Friday, April 25, 2008
Roots to success: How to plant the perfect tree
By Rob Sharp
Friday, 25 April 2008
* "Anything you plant could be there for decades or centuries," Paul Underwood, the head gardener at the National Trust's Blickling Hall Gardens and Park in Norwich, says, "so give them room." Avoid walls, buildings and places that might have extensive foundations and underground cabling.
* Tailor the tree to your "microclimate". Are you in a "frost pocket" – a low-lying area that encourages frost – or a coastal area, which might receive salty spray?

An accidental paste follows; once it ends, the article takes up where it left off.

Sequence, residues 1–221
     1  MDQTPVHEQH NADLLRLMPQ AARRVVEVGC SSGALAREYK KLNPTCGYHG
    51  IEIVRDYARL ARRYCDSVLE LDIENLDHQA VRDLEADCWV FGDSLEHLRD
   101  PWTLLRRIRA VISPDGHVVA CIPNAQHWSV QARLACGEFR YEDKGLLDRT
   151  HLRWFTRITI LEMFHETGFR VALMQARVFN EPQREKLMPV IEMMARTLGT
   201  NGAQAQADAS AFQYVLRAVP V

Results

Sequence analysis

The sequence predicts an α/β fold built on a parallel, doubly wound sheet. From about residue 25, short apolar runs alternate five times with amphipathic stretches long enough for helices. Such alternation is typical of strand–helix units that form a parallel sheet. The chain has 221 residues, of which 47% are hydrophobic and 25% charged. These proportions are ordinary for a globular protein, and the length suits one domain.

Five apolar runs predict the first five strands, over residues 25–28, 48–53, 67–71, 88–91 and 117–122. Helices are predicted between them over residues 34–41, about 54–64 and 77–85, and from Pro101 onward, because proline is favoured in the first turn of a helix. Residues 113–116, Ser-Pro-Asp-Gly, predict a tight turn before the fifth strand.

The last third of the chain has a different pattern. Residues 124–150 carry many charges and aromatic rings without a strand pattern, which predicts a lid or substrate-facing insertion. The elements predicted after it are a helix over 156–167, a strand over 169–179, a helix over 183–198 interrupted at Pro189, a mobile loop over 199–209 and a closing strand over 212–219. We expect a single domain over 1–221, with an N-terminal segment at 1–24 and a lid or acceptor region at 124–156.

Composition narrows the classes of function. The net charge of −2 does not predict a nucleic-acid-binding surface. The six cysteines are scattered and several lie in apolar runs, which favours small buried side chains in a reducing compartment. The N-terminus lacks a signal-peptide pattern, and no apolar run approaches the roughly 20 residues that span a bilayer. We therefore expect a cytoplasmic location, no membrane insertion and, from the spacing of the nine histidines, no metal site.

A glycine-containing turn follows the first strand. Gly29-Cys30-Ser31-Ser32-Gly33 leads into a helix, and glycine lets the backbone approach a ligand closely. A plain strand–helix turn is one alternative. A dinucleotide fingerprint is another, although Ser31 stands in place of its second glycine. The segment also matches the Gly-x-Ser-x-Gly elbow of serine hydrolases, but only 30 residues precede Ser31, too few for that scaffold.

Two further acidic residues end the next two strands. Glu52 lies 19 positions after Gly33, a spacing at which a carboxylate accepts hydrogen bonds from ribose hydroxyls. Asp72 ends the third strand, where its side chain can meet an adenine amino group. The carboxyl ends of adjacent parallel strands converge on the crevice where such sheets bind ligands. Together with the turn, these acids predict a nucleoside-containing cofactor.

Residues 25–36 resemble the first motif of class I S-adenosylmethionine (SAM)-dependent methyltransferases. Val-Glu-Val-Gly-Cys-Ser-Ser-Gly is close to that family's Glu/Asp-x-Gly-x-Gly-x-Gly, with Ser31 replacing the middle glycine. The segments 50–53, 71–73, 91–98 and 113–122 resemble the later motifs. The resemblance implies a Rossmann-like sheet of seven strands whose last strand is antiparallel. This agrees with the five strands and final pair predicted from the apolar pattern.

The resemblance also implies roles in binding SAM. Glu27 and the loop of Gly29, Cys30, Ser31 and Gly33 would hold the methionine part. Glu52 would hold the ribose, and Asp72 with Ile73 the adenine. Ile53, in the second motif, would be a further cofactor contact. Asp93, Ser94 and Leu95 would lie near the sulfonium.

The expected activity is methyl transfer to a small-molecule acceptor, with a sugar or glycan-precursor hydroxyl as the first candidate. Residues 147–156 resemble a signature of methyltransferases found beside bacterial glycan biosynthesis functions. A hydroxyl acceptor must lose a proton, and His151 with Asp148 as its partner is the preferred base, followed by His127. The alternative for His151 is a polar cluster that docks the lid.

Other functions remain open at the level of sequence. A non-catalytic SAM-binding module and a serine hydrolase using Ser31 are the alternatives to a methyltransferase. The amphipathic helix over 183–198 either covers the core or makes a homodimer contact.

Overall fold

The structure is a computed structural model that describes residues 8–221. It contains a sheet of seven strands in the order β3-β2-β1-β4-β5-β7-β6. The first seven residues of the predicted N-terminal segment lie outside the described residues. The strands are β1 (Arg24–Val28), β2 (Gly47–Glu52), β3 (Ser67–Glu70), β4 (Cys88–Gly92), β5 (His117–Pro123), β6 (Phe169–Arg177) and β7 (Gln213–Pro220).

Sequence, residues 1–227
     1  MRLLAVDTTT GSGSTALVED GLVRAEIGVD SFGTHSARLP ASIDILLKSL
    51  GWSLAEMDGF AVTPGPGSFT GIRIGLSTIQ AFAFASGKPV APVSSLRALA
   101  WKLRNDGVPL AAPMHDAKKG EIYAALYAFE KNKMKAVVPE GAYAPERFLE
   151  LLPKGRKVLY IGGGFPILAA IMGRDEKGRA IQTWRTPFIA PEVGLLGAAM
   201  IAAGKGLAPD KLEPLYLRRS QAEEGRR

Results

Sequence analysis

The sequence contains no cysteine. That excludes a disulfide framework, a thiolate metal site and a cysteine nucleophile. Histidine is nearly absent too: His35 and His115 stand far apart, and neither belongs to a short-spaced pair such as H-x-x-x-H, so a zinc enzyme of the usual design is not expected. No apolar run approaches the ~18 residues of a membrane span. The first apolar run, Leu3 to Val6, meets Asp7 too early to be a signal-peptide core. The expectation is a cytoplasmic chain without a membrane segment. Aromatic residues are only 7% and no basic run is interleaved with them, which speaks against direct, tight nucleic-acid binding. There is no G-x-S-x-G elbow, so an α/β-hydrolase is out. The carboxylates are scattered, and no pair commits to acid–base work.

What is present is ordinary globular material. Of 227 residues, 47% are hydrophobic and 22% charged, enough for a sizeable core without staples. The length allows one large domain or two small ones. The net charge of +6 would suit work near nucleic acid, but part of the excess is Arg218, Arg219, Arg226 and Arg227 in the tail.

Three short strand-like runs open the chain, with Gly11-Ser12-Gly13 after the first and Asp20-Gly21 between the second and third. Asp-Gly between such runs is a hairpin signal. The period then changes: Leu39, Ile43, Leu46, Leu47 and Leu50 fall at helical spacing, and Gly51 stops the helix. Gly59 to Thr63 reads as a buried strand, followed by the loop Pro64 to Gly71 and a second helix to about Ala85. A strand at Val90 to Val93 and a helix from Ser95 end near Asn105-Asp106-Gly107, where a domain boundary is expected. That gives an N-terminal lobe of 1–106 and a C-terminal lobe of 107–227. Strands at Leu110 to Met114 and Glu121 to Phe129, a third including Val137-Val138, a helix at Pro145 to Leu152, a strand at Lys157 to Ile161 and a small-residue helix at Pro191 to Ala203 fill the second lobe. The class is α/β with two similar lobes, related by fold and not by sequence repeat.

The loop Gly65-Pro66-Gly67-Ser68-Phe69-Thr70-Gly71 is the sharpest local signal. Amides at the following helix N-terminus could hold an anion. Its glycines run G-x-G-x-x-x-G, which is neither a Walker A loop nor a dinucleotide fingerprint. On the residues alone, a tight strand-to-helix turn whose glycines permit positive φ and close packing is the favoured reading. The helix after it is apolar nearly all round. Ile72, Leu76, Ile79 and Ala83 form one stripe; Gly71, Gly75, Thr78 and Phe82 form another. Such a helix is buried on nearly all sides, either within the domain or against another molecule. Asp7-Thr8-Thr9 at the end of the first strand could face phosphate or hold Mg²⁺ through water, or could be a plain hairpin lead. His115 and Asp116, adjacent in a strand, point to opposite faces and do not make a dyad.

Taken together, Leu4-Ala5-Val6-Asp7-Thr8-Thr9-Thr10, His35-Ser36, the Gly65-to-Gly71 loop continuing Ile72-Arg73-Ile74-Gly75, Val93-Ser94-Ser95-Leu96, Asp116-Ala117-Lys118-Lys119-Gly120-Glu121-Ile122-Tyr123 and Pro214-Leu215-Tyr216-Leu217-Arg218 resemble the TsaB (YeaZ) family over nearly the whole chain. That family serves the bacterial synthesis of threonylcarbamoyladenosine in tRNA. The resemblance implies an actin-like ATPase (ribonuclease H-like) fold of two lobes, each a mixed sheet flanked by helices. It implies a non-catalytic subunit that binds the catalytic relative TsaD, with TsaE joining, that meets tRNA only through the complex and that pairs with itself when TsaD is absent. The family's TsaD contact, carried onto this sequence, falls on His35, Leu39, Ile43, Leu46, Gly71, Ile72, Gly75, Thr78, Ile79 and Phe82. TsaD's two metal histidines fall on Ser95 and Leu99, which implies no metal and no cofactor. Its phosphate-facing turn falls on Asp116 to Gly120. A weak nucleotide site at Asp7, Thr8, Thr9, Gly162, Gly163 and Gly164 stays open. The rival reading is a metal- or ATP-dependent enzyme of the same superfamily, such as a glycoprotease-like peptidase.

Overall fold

* Consider the season. You can buy either "container-grown", "root-balled" (roots bound into a bundle) or "bare root" (simply dug out of the earth) trees. A container-grown sapling can be planted later in the year. Juvenile trees establish their roots quicker, but older – and more expensive – purchases have an immediate visual impact.
* Browse before you buy. Check out the tree's health. The mass of roots should roughly equal the mass of leaves and stems.
* Before planting, think about whether you'll need a stake to support the tree when growing. Small stakes allow trees to develop good anchor roots, but a more expensive, loftier support might be required in the windiest of sites.